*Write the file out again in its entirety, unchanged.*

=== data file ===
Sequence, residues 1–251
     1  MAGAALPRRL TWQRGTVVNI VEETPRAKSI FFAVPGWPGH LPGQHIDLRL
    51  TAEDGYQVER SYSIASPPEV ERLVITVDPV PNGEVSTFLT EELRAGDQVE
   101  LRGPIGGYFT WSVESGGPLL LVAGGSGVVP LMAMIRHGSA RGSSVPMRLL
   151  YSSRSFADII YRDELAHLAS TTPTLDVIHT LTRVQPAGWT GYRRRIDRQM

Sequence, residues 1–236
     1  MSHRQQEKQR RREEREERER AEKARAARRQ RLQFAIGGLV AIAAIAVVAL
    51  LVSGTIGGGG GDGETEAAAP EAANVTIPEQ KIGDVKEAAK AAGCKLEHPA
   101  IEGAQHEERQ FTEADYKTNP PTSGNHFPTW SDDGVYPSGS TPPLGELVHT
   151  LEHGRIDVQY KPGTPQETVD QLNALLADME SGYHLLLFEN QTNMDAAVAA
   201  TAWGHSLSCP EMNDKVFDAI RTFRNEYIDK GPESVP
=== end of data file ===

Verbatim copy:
Sequence, residues 1–251
     1  MAGAALPRRL TWQRGTVVNI VEETPRAKSI FFAVPGWPGH LPGQHIDLRL
    51  TAEDGYQVER SYSIASPPEV ERLVITVDPV PNGEVSTFLT EELRAGDQVE
   101  LRGPIGGYFT WSVESGGPLL LVAGGSGVVP LMAMIRHGSA RGSSVPMRLL
   151  YSSRSFADII YRDELAHLAS TTPTLDVIHT LTRVQPAGWT GYRRRIDRQM

Sequence, residues 1–236
     1  MSHRQQEKQR RREEREERER AEKARAARRQ RLQFAIGGLV AIAAIAVVAL
    51  LVSGTIGGGG GDGETEAAAP EAANVTIPEQ KIGDVKEAAK AAGCKLEHPA
   101  IEGAQHEERQ FTEADYKTNP PTSGNHFPTW SDDGVYPSGS TPPLGELVHT
   151  LEHGRIDVQY KPGTPQETVD QLNALLADME SGYHLLLFEN QTNMDAAVAA
   201  TAWGHSLSCP EMNDKVFDAI RTFRNEYIDK GPESVP